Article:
Council of the District of Columbia Roundtable on  “DMPED Strategy for Economic Development along the Anacostia River”

Mr. Chairman and Councilmembers, my name is Doug Siglin. I am Executive Director of the Anacostia Waterfront Trust, a new nonprofit corporation formed recently by the Federal City Council under the leadership of former DC Mayor Anthony Williams. Mayor Williams and long-time philanthropist Roger Sant are the Trust’s board chair and vice chair, and we are filling out the board now. We applaud your initiative in calling this public roundtable on the Anacostia waterfront.

Since 1954, the Federal City Council has been working to improve the quality of life for District residents. The Council’s direct involvement in the Anacostia waterfront goes back at least to 1988. In the past two years, we have renewed our active interest in the more than 15 miles of Anacostia waterfront within the borders of DC. I have brought with me today a copy of our latest magazine, called Catalyst, where the cover story is about revitalizing the Anacostia. As you can see, we offered a very positive, aspirational framing of the Anacostia on the cover: “A River Unites Us.”

In 2015, however, another framing may still be closer to the truth. The Anacostia and the more than 1200 acres of public lands around it continue to divide our city both physically and psychologically. This has been largely true since 1791 when President Washington asked Congress to include a large area east of the Anacostia within the District’s borders, but then oversaw the planning of public buildings only on the west side. The decades-long difficulties in crossing the river caused the two sides to develop very differently. A number of demographic, social, and policy factors brought us to where we are today, with continuing deep divisions between the two sides of the river.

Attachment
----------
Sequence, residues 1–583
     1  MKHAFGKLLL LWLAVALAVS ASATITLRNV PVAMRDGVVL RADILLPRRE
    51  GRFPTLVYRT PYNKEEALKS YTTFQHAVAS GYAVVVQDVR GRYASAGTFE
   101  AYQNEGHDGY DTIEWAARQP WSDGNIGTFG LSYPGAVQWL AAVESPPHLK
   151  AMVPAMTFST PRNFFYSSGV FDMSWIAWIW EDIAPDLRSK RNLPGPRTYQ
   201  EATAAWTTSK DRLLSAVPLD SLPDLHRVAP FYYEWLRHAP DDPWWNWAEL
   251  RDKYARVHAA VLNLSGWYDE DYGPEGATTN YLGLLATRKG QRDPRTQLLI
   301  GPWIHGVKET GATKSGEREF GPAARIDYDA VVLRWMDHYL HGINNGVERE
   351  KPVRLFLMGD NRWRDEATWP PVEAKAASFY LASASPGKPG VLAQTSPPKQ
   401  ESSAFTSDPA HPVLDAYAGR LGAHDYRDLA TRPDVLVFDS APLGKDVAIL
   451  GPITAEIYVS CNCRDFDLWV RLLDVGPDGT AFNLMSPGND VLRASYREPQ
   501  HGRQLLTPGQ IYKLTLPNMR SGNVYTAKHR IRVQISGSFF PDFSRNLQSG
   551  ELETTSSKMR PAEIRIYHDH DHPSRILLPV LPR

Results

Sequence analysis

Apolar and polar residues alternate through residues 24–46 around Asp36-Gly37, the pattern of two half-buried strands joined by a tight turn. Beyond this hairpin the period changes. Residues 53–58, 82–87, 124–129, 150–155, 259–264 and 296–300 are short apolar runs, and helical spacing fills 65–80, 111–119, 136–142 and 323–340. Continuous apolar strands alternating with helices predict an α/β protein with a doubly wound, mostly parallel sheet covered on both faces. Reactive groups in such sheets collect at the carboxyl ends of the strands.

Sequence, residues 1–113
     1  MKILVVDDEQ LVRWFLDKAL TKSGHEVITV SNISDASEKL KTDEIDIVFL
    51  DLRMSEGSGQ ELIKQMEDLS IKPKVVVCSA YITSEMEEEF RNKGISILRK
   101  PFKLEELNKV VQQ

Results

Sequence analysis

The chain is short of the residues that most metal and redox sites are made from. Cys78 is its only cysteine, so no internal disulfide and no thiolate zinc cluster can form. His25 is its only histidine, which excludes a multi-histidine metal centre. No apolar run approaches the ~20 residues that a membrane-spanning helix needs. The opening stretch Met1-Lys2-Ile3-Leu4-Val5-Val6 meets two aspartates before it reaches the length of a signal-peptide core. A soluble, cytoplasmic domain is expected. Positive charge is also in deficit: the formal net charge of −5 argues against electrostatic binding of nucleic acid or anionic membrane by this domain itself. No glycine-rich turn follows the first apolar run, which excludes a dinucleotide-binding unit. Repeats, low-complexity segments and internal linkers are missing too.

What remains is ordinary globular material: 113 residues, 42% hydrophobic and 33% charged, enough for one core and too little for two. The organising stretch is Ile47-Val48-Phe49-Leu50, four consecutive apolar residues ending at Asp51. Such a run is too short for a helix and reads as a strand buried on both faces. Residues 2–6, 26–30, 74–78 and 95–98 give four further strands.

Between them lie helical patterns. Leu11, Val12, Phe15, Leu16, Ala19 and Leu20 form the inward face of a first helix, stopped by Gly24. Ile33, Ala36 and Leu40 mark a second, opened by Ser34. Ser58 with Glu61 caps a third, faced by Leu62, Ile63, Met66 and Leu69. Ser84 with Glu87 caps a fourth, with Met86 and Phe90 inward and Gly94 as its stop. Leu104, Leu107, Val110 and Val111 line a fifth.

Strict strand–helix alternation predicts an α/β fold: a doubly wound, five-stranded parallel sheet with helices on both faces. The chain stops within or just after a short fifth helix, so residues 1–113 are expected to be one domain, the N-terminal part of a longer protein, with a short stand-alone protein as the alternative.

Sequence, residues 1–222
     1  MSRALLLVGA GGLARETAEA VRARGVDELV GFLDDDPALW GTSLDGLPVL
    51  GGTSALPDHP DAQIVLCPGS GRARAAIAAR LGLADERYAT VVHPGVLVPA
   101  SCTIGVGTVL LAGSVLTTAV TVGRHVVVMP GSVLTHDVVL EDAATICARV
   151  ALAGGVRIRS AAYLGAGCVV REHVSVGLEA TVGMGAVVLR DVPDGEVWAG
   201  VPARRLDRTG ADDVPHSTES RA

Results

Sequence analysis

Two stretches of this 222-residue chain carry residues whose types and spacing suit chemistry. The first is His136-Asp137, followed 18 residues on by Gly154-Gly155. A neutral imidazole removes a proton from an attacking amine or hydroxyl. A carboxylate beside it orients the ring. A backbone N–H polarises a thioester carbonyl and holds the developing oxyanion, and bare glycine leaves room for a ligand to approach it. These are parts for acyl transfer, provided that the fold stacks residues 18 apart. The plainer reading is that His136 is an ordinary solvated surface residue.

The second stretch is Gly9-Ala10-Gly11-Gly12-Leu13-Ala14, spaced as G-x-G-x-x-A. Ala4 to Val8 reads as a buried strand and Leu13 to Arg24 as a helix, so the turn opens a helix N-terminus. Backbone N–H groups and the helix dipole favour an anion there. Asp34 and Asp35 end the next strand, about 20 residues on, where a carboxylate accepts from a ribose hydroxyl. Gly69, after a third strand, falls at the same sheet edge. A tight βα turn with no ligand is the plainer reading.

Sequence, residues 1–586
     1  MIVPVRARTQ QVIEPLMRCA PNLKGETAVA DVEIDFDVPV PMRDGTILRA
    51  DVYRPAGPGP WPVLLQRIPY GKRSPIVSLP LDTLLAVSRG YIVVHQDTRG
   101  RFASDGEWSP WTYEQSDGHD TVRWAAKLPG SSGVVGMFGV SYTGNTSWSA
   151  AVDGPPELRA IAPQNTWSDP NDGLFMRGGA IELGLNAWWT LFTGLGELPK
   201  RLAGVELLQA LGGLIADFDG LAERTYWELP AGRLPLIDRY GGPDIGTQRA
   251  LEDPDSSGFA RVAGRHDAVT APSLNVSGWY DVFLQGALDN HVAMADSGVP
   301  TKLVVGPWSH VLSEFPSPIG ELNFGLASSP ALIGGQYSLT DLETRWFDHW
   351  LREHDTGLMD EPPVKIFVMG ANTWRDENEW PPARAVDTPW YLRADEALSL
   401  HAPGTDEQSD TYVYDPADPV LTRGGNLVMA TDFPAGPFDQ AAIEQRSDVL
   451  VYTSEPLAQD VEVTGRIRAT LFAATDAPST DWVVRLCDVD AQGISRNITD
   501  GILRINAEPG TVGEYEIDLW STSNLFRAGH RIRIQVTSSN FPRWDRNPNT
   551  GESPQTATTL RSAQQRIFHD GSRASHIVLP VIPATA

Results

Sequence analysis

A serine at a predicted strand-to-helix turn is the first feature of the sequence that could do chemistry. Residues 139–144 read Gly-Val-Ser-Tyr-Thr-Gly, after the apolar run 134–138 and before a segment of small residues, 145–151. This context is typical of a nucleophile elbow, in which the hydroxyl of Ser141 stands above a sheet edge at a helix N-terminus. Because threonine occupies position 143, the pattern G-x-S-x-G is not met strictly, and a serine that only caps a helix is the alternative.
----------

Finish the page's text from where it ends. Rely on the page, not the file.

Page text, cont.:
Sixteen years ago, Mayor Williams and planning director Andy Altman kicked off a notable four year exercise in planning an Anacostia waterfront that would be a productive asset and unite the two separate but unequal halves of our city. The team that they assembled to create this plan included the Government of the District of Columbia and 19 other agencies or independent authorities, 14 of which were federal. The public-private Anacostia Waterfront Corporation was created in 2004 to oversee the plan’s implementation.

There are many positive things that have been done consistent with the 2003 Framework Plan since the Anacostia Waterfront Corporation was abolished less than three years after its creation. I’m told that riverfront planners still use it as a point of reference. Yet there are also very many things that were envisioned in that creative plan that have been lost, neglected, or allowed to languish.